Background: The management of invasive aspergillosis (IA) has become more complicated due to the emergence of acquired azole resistance in Aspergillus fumigatus, which is associated withtreatment failure and a mortality rate of up to 88%. Using an immunocompetent murine model of IA, we previously reported (AAC, 2013, 57, 4, 1866–1871) that the efficacy of liposomal amphotericin B (L-AmB) in azole-resistant IA was comparable to that in wild type infection, indicating that the efficacy of L-AmB is not hampered by the presence of azole resistance mutations. As IA commonly affects patients who are neutropenic or receive corticosteroids, we investigated the efficacy of L-AmB in these two immunosuppressed conditions.
Material/methods: Two clinical A. fumigatusisolates obtained from patients with proven IA werestudied in neutropenic and steroid immunosuppressed murine models of infection, separately: a wild type (WT) isolate without mutations in the cyp51A gene and an azole-resistant isolates harboring a 34-bp tandem repeat mutation in the promoter region of the cyp51A gene in combination withsubstitutions at codon L98 [TR34/L98H]. Female CD-1 mice were infected intravenously (iv) 24 h priorto the start of therapy. Groups of 11 mice were treated iv at days 1, 2, and 5 post challenge withincreasing 4-fold doses of L-AmB ranging from 0.004 to 16 mg/kg/day and observed for 14 days. In neutropenic groups, mice were rendered immunosuppressed by injection of 150 mg/kg cyclophosphamide intraperitoneally on days -4 and -1 and +4. For steroid immunosuppression, cortisone acetate (100 mg/kg/d) was administered 3 days before and 5 days after infection,subcutaneously.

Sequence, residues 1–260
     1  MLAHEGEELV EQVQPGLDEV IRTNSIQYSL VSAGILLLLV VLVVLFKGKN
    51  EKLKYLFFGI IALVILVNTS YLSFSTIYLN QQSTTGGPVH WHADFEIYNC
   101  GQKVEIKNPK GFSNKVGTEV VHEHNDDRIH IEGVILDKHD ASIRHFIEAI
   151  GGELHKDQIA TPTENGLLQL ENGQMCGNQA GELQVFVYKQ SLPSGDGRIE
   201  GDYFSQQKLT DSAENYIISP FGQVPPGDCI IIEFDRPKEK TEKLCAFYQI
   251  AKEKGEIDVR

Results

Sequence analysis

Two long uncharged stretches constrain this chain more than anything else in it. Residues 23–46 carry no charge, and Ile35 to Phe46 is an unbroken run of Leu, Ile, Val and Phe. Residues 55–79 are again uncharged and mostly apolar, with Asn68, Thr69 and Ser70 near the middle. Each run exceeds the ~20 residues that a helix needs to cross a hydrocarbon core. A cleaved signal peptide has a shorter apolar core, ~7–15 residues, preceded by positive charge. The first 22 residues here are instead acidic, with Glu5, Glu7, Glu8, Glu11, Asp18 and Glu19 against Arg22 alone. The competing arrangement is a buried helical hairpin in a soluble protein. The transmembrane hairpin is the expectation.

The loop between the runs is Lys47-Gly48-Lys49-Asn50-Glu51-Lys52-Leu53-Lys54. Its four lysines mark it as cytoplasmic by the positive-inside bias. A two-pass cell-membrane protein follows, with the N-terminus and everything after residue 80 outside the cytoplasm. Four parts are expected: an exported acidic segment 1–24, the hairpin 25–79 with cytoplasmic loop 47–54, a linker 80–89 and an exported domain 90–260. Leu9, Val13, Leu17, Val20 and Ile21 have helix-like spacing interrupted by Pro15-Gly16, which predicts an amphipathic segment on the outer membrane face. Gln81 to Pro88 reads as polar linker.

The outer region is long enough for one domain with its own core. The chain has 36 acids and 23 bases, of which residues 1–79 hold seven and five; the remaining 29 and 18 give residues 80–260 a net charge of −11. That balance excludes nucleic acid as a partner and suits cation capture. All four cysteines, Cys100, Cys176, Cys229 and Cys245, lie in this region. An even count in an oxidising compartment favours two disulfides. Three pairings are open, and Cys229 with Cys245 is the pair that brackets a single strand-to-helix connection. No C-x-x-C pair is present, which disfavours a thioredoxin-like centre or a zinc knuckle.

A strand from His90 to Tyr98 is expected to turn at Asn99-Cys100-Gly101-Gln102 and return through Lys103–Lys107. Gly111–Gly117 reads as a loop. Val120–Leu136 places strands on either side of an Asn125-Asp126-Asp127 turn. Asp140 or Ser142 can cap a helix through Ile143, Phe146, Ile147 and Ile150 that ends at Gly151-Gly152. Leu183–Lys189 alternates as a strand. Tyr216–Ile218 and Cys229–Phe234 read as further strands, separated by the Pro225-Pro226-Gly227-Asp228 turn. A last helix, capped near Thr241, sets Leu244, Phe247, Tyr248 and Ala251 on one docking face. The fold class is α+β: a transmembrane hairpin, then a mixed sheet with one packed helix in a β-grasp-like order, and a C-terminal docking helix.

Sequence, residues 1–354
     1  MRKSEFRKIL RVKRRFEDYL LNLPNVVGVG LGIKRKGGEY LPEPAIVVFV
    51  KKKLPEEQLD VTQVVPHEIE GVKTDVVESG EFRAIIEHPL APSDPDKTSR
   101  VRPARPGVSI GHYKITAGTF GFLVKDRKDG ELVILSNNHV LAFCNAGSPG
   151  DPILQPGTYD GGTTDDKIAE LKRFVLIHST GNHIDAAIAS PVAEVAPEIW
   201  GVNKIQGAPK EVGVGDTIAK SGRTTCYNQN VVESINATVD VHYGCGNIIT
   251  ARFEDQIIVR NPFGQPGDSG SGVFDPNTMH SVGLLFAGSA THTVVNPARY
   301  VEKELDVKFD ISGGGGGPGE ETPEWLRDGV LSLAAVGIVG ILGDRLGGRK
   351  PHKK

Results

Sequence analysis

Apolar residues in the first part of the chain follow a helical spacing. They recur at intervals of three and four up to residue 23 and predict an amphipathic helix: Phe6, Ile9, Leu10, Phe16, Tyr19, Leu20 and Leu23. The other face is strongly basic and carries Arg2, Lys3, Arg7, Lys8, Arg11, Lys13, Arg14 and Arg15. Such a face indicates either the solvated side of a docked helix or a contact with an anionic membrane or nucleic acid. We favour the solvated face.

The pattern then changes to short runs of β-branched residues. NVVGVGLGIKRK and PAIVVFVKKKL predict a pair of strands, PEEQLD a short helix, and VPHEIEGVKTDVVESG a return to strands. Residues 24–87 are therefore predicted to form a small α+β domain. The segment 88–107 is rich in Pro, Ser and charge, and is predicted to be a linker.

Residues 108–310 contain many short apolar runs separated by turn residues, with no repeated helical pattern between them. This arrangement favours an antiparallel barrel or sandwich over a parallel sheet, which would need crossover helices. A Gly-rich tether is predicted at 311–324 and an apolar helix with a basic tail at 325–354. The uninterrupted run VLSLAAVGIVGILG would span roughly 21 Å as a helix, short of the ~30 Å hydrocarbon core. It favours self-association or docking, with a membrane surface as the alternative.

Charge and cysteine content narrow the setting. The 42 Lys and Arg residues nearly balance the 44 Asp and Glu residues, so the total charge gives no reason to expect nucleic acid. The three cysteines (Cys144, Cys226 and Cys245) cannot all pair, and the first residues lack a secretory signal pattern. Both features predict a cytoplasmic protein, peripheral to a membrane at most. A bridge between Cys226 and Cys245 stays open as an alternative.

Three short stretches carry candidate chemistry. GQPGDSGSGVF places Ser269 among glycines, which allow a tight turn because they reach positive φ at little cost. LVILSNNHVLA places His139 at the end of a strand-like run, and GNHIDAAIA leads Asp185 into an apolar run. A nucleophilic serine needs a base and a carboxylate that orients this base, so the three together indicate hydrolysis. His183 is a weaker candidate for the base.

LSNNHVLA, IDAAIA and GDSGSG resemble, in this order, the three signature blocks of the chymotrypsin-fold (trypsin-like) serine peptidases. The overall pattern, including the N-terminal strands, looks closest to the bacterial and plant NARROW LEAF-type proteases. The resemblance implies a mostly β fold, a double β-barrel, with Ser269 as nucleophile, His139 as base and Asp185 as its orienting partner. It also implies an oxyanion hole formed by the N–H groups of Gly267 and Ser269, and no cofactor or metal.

Results: Survival at day 14 in both immunosuppressed models was significantly better than that of controls. A dose-response relationship was observed independent of the azole-resistant mechanisms and immunosuppression used. In neutropenic model, the maximum effect (100% survival) was reached at a L-AmB dose of 16 mg/kg for the WT and the TR34/L98H isolate. In the steroid immunosuppression groups, 90.9 % and 100% survival was achieved for the WT and TR34/L98H isolate with a L-AmB dose of 16 mg/kg, respectively. In the neutropenic model, the 50% effective dose (ED50) was 1.40 (95% CI, 0.66 to 3.00 mg/kg) for the WT isolate and 1.92 (95% CI, 0.60 to 6.17 mg/kg) for the TR34/L98H isolate, and 2.40 (95% CI, 1.93 to 2.97 mg/kg) for the WT isolate and 2.56 (95% CI, 1.43 to 4.56 mg/kg) for the TR34/L98H isolate in the steroid immunosuppression groups. There were no significant differences in efficacy of L-AmB against wild type and azole-resistant isolates between the 2 immunocompromized conditions (P > 0.05).
Conclusions: The results of these experiments indicate that L-AmB was able to prolong survival in vivo independent of the azole-resistance mechanisms and type of immunosuppression used.
Full conference title:
- ECCMID 26th (2016)